We Tripantu is the Mapuche celebration of the New Year in the southern hemisphere. The Mapuche are the indigenous people of present-day Chile and Argentina. “We Tripantu” translates to “New Year” or more literally, “the turning of the sun” in the Mapudungun language.
This celebration marks the Winter Solstice in the southern hemisphere, usually occurring on June 21st or 22nd. It is the time when the Mapuche people celebrate the return of the sun as the days start becoming longer and mark the beginning of a new agricultural cycle.
Some aspects and traditions of We Tripantu include:
- Connection with Nature: The Mapuche deeply respect and have a profound connection with nature. We Tripantu is seen as the time when the earth is reborn, rejuvenated, and begins a new cycle.
- Traditional Rituals: Celebrations typically start before dawn, with families gathering near rivers and streams to perform Nguillatún, a ceremony where offerings are made to thank the spirits and seek blessings for the coming year. People may immerse themselves in the water, symbolizing purification.
- Community Gatherings: We Tripantu is a time for community. People come together to share meals, sing traditional songs, dance, and play ancestral games. It’s a period of reaffirmation of ancient traditions and teachings.
- Food: Traditional foods are prepared and shared. These often include foods like sopaipillas (a kind of fried bread), mote (wheat grains), and various preparations made from corn.
The Mapuche are the indigenous inhabitants of south-central Chile and southwestern Argentina. They have a rich history that dates back thousands of years and have played a significant role in the region’s cultural and historical landscape.
Here’s a brief introduction to the Mapuche:
1. History and Origins: The Mapuche were originally hunter-gatherers and later adopted agriculture. By the time Spanish colonizers arrived in the 16th century, the Mapuche had established a series of chiefdoms.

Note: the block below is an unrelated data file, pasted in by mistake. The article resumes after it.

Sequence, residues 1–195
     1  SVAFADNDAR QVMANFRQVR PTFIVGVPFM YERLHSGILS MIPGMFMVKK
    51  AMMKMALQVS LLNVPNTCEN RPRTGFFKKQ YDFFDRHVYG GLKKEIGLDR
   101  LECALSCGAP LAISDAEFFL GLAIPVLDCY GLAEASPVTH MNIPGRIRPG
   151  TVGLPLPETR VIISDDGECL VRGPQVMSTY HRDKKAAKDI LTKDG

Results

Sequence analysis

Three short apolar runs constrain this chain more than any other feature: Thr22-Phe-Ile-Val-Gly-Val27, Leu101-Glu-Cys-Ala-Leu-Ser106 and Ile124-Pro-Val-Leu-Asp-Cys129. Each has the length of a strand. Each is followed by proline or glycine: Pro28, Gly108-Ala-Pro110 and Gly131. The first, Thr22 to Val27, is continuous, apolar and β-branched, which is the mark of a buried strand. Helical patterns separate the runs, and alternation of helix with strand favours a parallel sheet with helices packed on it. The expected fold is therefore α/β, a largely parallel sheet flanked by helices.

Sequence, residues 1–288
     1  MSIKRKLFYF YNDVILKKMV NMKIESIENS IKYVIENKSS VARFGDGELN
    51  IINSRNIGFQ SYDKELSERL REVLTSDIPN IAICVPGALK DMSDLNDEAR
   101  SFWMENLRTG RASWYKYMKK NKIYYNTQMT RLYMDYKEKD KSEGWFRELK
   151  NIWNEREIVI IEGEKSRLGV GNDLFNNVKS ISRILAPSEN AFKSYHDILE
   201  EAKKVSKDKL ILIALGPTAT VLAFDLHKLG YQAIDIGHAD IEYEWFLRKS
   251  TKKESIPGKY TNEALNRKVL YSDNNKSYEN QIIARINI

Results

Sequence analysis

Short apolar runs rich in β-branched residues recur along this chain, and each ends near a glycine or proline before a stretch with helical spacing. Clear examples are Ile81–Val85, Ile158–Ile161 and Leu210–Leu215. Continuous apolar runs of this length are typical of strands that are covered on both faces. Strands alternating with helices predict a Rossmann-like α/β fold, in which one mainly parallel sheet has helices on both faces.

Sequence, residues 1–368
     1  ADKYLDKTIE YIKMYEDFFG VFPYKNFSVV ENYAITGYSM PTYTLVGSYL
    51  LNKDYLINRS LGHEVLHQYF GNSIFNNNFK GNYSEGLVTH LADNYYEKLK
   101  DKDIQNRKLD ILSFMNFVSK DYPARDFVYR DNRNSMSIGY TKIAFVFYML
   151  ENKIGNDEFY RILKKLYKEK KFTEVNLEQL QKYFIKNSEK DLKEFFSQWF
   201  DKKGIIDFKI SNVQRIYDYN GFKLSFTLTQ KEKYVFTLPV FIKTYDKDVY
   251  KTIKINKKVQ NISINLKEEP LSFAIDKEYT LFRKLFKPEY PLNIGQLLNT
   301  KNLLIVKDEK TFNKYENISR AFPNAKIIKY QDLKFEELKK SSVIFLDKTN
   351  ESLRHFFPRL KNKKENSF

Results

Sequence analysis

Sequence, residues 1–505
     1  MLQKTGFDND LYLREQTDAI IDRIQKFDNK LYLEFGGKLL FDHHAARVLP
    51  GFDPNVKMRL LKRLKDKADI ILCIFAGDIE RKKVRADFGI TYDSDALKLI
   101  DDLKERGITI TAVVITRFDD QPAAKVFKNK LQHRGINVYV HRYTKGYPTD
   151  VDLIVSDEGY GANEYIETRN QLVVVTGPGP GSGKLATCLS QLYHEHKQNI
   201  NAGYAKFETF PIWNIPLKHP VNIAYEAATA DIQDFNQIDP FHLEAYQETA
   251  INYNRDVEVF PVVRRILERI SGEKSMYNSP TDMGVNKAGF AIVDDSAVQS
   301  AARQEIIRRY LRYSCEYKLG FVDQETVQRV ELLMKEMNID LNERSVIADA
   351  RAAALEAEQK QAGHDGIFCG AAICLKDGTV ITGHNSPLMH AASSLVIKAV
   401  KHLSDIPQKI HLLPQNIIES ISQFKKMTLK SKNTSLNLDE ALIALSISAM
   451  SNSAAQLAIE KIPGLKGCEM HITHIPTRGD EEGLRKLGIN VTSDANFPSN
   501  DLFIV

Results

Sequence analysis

2. Resistance and Wars: The Mapuche are notably recognized for their resistance against Spanish colonization. For over two centuries, the Spanish were unable to subdue the Mapuche territories fully, leading to a frontier called “La Frontera” that separated Mapuche lands from Spanish colonial settlements.
3. Language: The Mapuche speak Mapudungun. While there has been a decline in speakers due to assimilation pressures, there’s a renewed interest in revitalizing the language, especially among younger generations.
4. Religion and Cosmology: The Mapuche’s spiritual beliefs are deeply tied to nature. They worship a variety of deities and spirits and have a dualistic view of the world, encompassing both good and evil forces.
5. Livelihood: Traditionally, the Mapuche relied on agriculture, hunting, and gathering. Today, many Mapuche continue to practice agriculture, but others have migrated to urban areas in search of employment.
6. Current Situation: While the Mapuche have faced various challenges, including land disputes and cultural assimilation, there’s a contemporary movement to reclaim Mapuche identity, rights, and traditions. This movement seeks not only the return of ancestral lands but also the recognition and respect of their culture and rights as indigenous people.
The term “Pais Mapuche” refers to the ancestral territory of the Mapuche people. Spanning parts of present-day south-central Chile and southwestern Argentina, this region is characterized by its rich indigenous history and vibrant cultural heritage.
Here’s a brief introduction:
Pais Mapuche (Mapuche Territory)
- Geography: The Pais Mapuche traditionally spans the valleys between the Itata and Toltén rivers in Chile, and parts of the Patagonian region in Argentina. This land encompasses a variety of terrains, from coastal regions to Andean highlands.
- Pre-Colonial Era: Before the arrival of the Spanish in the 16th century, the Mapuche inhabited their territories as semi-nomadic groups, practicing agriculture, hunting, and gathering. They established a complex social structure with roles defined by lineage and kinship.
- Spanish Resistance: The Mapuche are renowned for their fierce resistance against Spanish colonization. They defended their territories for over two centuries, maintaining their independence and establishing “La Frontera,” a frontier that separated Mapuche lands from Spanish colonial domains.
- Cultural Significance: The Pais Mapuche is more than just a geographical region; it represents the heartland of Mapuche culture, traditions, and spirituality. Sacred sites, ancestral ceremonies, and traditional gatherings are deeply rooted in this land.
- Contemporary Issues: Modern challenges, including land rights disputes, industrialization, and assimilation pressures, have affected the Mapuche and their territories. Many Mapuche communities are actively working to reclaim their ancestral lands, rights, and cultural practices, advocating for recognition and respect.
In essence, Pais Mapuche is not just a physical space but also a symbol of the enduring spirit, resilience, and cultural identity of the Mapuche people. Recognizing and understanding its significance is crucial for appreciating the depth and richness of Mapuche heritage.